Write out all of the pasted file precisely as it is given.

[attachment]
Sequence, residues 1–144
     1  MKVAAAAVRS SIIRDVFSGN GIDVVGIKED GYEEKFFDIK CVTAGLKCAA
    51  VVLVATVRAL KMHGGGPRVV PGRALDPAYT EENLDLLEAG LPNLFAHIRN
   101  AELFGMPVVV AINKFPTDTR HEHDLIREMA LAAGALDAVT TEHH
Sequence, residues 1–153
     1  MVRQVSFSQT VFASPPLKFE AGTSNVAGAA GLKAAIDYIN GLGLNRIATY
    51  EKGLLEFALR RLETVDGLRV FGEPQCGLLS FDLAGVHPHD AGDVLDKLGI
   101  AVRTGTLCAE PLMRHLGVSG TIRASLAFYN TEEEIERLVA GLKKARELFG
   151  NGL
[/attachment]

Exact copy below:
Sequence, residues 1–144
     1  MKVAAAAVRS SIIRDVFSGN GIDVVGIKED GYEEKFFDIK CVTAGLKCAA
    51  VVLVATVRAL KMHGGGPRVV PGRALDPAYT EENLDLLEAG LPNLFAHIRN
   101  AELFGMPVVV AINKFPTDTR HEHDLIREMA LAAGALDAVT TEHH
Sequence, residues 1–153
     1  MVRQVSFSQT VFASPPLKFE AGTSNVAGAA GLKAAIDYIN GLGLNRIATY
    51  EKGLLEFALR RLETVDGLRV FGEPQCGLLS FDLAGVHPHD AGDVLDKLGI
   101  AVRTGTLCAE PLMRHLGVSG TIRASLAFYN TEEEIERLVA GLKKARELFG
   151  NGL